If you ever have the opportunity to hear Ms. Grandin speak live, I highly recommend it. It was a wonderful evening and I’m so glad that I was able to go.

We switched our whole family (my son, myself, and my husband) to eating the GFCF diet in November 2011. I was dedicated to doing this to help our son, who is on the Autism Spectrum, so that he could “heal his gut” and feel better.  I didn’t expect that I, too, would benefit so dramatically from the diet.  At first, I thought perhaps it was because I’ve always thought of myself as “lactose intolerant” and therefore I must be feeling better by not having any dairy.  But, the changes were definitely significant – better energy, better “bowel regularity”, general feeling of good health, etc. I was finding that not only did I not mind eating GFCF, I really wanted to eat this way.

Flash forward a couple of months – I was at the park with my son and had to break up a scuffle between him and another child. In the melee, my son stepped (very hard) on my left foot near my big toe.  I went to Urgent Care and was treated over the next month for a suspected stress fracture of the foot.  (I’m a little more “fragile” than most because I have osteopenia, the precurser to osteoporosis.)  Listening to some podcasts about osteoporosis, I heard one naturopathic doctor discussing the connection between osteopenia in young women (aka: premenopausal, like me) and celiac disease.  A light bulb went off in my head! Could I have celiac disease? Is this why I felt so much better on the GFCF diet?

After reading more about celiac disease online, I noticed that I had many of the symptoms and also the family history associated with celiac disease. I decided to find out if I had celiac disease and requested that my doctor check me for it. One problem – I’d been off gluten for over three months! This meant the blood test probably would not be very accurate unless I “gluten-loaded” for at least 1-2 weeks.  I begrudgingly agreed to this; I must say, the mere thought of having to eat breads and gluten-filled products again really grosses me out!

So, here I sit, on day two of my “gluten-loading” and I’m miserable again.  I haven’t even really eaten that much gluten yet, but I feel like I’ve been on a 30-day fast food binge or something! I hope I can manage to do this for another 10 days or so.  I think that the blood tests will be most likely be confirming what I already know….I’ve got celiac disease.  I’ll post my results when I know them; in the meantime, I will still be cooking GFCF for my family, so stay tuned for more recipes!

When I mention Asperger’s Syndrome, many people may nod and smile at me, but they often aren’t sure what the diagnosis really entails. I thought it might be helpful to give a short description of what Asperger’s Syndrome is to clear up the mystery. At this time, Asperger’s Syndrome is still considered to be part of the Autism Spectrum, although there is a possibility it will be separated into its own category in the very near future.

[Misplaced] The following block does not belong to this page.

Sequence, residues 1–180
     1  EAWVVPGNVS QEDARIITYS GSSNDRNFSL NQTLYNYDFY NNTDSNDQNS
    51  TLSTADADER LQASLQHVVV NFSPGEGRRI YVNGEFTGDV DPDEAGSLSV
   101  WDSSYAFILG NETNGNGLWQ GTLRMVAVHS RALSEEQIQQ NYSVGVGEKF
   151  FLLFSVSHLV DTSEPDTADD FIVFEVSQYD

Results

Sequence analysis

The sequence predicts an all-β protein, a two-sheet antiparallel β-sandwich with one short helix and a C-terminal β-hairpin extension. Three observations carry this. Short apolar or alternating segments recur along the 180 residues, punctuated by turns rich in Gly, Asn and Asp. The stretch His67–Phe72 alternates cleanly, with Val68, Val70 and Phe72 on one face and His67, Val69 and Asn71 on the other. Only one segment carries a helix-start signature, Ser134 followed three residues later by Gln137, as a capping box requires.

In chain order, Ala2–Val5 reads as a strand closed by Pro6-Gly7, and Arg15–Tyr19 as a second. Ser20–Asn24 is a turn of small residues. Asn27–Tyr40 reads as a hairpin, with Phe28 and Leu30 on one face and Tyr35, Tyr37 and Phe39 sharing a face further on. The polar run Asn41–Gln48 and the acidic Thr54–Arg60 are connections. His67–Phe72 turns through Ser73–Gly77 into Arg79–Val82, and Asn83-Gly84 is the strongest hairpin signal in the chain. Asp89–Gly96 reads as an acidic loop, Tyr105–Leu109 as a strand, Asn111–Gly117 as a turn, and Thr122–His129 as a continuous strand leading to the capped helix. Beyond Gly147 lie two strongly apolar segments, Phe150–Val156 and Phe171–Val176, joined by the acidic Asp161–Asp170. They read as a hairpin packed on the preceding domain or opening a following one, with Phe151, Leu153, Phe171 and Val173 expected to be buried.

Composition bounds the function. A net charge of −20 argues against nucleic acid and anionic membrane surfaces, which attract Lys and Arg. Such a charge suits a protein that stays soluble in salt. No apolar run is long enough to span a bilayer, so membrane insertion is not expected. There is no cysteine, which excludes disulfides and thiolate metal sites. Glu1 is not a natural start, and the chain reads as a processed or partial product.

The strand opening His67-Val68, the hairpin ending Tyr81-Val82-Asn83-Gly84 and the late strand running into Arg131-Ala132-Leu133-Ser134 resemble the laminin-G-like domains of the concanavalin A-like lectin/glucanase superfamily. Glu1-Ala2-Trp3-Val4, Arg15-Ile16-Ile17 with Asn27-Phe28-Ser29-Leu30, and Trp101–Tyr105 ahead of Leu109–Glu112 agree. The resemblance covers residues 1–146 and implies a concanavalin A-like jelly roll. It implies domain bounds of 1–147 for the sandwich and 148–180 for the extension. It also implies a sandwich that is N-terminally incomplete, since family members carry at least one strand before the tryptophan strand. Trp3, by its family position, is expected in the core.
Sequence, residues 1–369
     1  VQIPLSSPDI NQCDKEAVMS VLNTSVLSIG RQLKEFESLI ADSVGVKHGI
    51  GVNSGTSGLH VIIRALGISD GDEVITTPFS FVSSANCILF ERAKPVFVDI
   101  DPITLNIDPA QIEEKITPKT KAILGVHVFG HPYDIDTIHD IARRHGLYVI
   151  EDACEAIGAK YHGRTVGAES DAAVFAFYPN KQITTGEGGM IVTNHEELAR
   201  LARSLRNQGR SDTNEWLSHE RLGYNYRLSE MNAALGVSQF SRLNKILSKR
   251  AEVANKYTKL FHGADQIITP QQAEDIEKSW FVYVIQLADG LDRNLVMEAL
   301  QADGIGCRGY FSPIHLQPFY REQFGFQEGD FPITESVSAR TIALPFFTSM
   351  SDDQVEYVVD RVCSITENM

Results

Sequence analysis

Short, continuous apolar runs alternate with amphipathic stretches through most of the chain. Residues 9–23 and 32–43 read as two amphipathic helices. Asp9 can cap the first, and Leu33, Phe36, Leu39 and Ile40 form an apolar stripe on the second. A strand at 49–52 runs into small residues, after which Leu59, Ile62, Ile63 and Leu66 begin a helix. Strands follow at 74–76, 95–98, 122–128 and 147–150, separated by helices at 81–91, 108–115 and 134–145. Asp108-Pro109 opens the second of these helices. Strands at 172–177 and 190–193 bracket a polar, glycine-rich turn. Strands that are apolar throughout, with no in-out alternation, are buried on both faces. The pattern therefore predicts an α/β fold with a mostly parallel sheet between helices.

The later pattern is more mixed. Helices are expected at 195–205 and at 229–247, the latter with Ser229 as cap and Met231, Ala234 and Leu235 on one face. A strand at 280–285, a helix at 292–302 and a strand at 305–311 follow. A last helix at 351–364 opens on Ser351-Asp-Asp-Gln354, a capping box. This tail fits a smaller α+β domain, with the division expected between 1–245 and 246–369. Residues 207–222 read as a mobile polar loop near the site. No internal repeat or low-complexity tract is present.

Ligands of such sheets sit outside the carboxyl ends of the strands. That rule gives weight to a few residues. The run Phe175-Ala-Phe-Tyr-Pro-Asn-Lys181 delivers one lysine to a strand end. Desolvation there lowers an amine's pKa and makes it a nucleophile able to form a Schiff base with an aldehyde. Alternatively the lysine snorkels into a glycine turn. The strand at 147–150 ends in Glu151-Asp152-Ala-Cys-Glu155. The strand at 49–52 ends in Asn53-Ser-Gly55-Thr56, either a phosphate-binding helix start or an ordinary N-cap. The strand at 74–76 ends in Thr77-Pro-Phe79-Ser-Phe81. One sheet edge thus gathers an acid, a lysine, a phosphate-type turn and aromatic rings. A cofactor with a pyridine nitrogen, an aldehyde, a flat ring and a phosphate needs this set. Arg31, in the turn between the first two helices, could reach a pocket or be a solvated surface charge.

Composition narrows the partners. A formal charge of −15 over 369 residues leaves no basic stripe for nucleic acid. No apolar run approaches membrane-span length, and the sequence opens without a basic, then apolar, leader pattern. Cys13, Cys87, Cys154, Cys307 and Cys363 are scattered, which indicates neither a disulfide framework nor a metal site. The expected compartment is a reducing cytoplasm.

Asperger’s Syndrome is a developmental disorder that was first “discovered” in 1944 by Austrian pediatrician Hans Asperger (thus the name). It usually is characterized by the following symptoms –

  • limited interests or an unusual preoccupation with a particular subject to the exclusion of other activities
  • repetitive routines or rituals
  • peculiarities in speech and language, such as speaking in an overly formal manner or in a monotone, or taking figures of speech literally
  • socially and emotionally inappropriate behavior and the inability to interact successfully with peers
  • problems with non-verbal communication, including the restricted use of gestures, limited or inappropriate facial expressions, or a peculiar, stiff gaze
  • clumsy and uncoordinated motor movements
Most “aspies”, as we affectionately refer to them, are boys although more and more girls are being diagnosed now.  As with most disorders, Asperger’s has a multitude of variations, so no two Aspies are exactly alike. I’ve sat at a table with a group of mothers of Aspies and we’ve been amazed at the variety of symptomology among are children despite having the same diagnosis. This, of course, is what makes it so frustrating to treat the disorder.
The GFCF diet can be helpful with Aspies because, just like with other autism spectrum disorders, it is believed they have a great deal of yeast and bacterial overgrowth in their gut that needs to be healed. The best way to begin is by eliminating dairy and gluten and seeing a biomedical doctor for ELISA testing to find out what other foods the child may be allergic to and what can be eliminated to help them feel better.
Like my son, many Aspies aren’t diagnosed until elementary school, or they are initially diagnosed as ADHD. If you suspect that your child may be “on the spectrum,” you may want to visit the following websites to read more and ask your pediatrician or school psychologist for a screening –

I was talking with my son, Nick, about how I was going to write this blog about my recipes.  He’s a second-grader and has Aspergers.  We’ve been on the GFCF diet since November 2011, so it is still fairly new to all of us.  I will admit that some of my attempts at cooking GFCF have been great, while others have been pretty awful!

I asked Nick how we should let the readers know whether he approved of the recipes on the blog, so that other moms (and children) might be interested in trying the recipes.  He suggested we do a “thumbs up” rating system.  So, now, when I make a new recipe, I ask Nick to tell me, “How many thumbs up would you give this one?” He responds according to the following scale –

Thumbs down – terrible, please don’t ever make this again!

One Thumb up – not bad, but not too great; you can make it again

Two Thumbs up – really good; please make this a lot!

Four Thumbs up – (“Wait, Mom, I don’t have that many thumbs!”) this is the best thing you’ve ever made; please keep making it all the time!

So, as you are checking out the recipes, please look for the “thumbs up” ratings from Nick right next to the recipe titles. And, please, be sure to tell us in the comments how many thumbs your family members give the recipes too!

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Your Guide to Success with the GFCF Diet